Category Archives: Nina Ganci

The Phoenix will Rise!

Written by Nina Ganci

Load Shedding.

The word or event that nobody wants to hear that has become part of our daily lives. Yes, we as South Africans have once again adapted and adjusted to what life has thrown at us. We are resilient and known to overcome all obstacles.

South Africa is a courageous country. South Africa is a strong nation. South Africa is a proud nation. South Africa is a nation that is capable of leading the world.

Powerful words! True words!

Which nation in history has risen from the ashes with smiles and laughter? Which nation in the world has come together and supported each other? Which nation on earth has found workable solutions?

South Africa answers it all!

Think about it? A man works for Eskom. The one that draws up the load shedding schedule. What does he tell his family and friends he does for a living? Would you want him as a friend or do you want to tell him how to do his job?

The most hated person ever in South Africa is the Switch Guy. Yes, the man who switches off and on the electricity. He alone has the courage and power to switch off large areas and leave them in the dark! This happens often when you are trying to cook supper. Wonder what his mother has to say?

Communities are uniting. Small businesses are mushrooming.
Support a small business, you are keeping money in your local economy. Your money gets spent and circulated right in the community you call home.

Your community values relationship and will often go above and beyond.

You do not build a business, you build people, and then people build the business; then the business builds the country.

South Africa is in a corner, and I have full trust and faith, that we will rise from these ashes to build a stronger, powerful country. No other community, no other country, no other nation have experienced what South Africans do.

Failure is not to be feared. It is from failure that most growth comes.”
-Dee Hock

When South Africans have their backs in the corner, they come up with a plan, a good plan!

The phoenix will rise from the ashes!

Modern English vs Kings English

Written by Nina Ganci

Many many moons ago, when I went to school, we were taught Kings English. Be it spelling, grammar, punctuation etc.

Yes, we learnt to write in cursive with a fountain pen!

What we learnt came home with us and was practised everywhere. It was the norm.

The other day, someone wanted to see me, so I suggested meeting at noon. Well to my horror, this young lady said “Perfect, will see you at 4pm then”

What just happened?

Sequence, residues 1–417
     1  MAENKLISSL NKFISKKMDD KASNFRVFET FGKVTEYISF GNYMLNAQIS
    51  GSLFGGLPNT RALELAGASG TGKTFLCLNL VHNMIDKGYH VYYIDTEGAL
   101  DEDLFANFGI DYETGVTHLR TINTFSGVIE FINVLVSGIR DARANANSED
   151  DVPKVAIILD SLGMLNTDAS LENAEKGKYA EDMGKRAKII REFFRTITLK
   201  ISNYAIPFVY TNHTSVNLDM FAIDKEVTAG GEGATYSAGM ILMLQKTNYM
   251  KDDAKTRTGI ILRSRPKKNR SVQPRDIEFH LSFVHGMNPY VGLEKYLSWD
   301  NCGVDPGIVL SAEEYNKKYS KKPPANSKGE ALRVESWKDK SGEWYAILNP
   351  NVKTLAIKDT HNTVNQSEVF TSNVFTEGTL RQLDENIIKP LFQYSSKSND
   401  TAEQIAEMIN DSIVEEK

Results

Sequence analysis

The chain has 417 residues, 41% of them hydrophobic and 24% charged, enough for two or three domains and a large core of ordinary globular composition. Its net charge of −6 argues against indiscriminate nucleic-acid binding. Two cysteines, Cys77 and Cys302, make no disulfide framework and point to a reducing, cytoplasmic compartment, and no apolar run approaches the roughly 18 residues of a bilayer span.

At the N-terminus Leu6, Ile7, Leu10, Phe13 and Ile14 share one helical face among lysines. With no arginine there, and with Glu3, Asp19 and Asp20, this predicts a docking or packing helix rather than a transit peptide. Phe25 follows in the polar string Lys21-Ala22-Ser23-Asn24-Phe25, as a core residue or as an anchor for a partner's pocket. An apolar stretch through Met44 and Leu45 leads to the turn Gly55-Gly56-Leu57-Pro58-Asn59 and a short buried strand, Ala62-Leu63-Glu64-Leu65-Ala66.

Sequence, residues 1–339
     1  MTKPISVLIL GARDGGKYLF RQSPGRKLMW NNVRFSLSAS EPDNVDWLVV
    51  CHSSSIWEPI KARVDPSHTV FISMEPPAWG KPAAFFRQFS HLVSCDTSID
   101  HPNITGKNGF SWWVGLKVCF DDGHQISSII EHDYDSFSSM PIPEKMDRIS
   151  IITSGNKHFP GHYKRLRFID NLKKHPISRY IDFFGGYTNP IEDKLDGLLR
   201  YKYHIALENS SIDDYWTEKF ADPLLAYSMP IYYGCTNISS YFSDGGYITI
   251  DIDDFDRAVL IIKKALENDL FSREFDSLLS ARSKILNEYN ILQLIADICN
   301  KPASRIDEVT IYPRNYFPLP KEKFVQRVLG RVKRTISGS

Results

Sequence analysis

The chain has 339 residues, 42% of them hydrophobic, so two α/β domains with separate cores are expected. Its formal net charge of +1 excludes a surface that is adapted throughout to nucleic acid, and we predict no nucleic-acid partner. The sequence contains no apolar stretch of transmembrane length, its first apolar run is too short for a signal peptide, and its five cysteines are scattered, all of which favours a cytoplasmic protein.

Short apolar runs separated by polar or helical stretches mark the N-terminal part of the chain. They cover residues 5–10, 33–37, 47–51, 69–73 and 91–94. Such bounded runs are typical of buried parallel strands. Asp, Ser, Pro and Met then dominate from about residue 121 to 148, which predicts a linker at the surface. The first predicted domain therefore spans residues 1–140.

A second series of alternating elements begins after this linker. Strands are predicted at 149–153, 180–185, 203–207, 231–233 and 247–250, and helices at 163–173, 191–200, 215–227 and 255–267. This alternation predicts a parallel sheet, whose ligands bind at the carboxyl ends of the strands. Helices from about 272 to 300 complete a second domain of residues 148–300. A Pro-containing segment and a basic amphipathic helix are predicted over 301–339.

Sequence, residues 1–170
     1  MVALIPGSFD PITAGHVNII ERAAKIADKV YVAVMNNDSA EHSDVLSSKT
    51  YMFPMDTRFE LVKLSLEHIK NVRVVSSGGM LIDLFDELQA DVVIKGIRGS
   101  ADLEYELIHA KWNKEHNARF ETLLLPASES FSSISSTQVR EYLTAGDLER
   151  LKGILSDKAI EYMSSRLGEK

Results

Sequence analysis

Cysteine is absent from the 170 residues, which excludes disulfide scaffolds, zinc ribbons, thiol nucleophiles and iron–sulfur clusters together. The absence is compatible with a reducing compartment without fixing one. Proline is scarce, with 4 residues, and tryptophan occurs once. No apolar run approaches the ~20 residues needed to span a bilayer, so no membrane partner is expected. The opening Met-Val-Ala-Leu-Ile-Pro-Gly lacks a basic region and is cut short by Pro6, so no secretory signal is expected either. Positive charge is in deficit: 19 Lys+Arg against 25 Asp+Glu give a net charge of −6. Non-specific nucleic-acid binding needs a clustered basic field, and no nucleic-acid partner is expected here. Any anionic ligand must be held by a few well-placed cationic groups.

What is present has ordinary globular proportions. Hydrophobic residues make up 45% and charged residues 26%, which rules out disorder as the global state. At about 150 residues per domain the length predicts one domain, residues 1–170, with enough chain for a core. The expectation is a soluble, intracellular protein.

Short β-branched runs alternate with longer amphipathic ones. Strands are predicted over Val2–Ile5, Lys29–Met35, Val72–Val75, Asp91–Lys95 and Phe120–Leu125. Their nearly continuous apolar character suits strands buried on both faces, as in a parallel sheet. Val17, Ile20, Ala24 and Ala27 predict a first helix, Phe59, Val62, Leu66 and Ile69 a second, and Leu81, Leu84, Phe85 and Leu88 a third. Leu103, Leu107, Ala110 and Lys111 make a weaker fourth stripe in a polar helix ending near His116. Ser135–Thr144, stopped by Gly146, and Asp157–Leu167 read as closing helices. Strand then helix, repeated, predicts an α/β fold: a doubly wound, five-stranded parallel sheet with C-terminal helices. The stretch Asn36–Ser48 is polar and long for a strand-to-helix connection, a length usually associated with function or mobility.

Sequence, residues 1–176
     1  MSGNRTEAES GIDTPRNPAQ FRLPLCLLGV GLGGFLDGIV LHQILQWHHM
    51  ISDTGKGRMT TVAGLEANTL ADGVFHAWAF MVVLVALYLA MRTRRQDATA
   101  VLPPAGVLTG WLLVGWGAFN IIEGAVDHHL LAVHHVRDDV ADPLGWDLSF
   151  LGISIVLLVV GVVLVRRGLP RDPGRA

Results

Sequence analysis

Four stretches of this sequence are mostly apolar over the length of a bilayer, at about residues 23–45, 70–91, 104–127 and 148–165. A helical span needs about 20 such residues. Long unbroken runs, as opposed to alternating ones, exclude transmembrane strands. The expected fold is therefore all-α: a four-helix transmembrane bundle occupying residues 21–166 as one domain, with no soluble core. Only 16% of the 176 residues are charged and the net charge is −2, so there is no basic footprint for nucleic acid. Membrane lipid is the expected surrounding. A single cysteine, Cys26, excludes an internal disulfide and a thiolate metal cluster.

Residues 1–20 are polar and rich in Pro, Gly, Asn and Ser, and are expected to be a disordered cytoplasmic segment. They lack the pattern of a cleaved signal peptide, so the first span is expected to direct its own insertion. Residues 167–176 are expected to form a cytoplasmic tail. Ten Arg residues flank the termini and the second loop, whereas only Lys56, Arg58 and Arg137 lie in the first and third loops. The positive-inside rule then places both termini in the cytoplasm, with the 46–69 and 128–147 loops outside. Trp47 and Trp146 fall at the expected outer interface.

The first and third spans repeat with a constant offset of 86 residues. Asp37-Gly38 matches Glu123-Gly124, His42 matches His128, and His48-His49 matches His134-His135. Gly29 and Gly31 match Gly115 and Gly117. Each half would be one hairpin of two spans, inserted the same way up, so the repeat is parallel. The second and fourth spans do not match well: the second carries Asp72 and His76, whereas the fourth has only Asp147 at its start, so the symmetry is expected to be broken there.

Telephone manners were strong. Never phone before 8am or after 9pm unless it is an emergency. That was something we all understood and obeyed. Never questioned.

Do you have WhatsApp? Should this not also apply?

I belong to a few WhatsApp groups in the area, someone will try to sell an item at 2am!!!

What happened?

Let me not start with the spelling …………..

Am I just old fashion? Is this what being old means?

What happened to manners? What happened to respect?

Road Trip to Nieuvoudtville

Yellow Cattails

Written by Nina Ganci

Finally, I went on another trip. This time 3 hours or 300kms away. Nieuwoudtville to view the spring flowers.

I arrived on Saturday morning and left on Monday morning.

South Africa is filled with ‘dorpies’ (little towns), more of a collection of 10 houses, an NG Church (a must in all dorpies), and a few shops. These one-horse towns are all the same. The preverbal horse has either run away or been buried and forgotten many moons ago.

Nieuwoudtville falls in this category. I doubt the ‘horse’ even lived there!!

This ‘dorpie’ is a charming peaceful town, that started in the late 1800s. It is famous for its flowers in spring. Known as the capital of bulbs. People flock from far afield to view the enormous variety of flowers and blooms.

There is just one tarred road that runs through this dorpie; all other roads are gravel, with only 1 stop sign in the whole dorpie.

The original stone houses have been converted to one of the 2 restaurants or one of the 3 B&B found in town. There is a trading type shop (that is closed on weekends – so did not manage to explore) plus 1 local ‘café’ that sells basic foods – bread, milk etc. I found 2 campsites in town and sheep fields.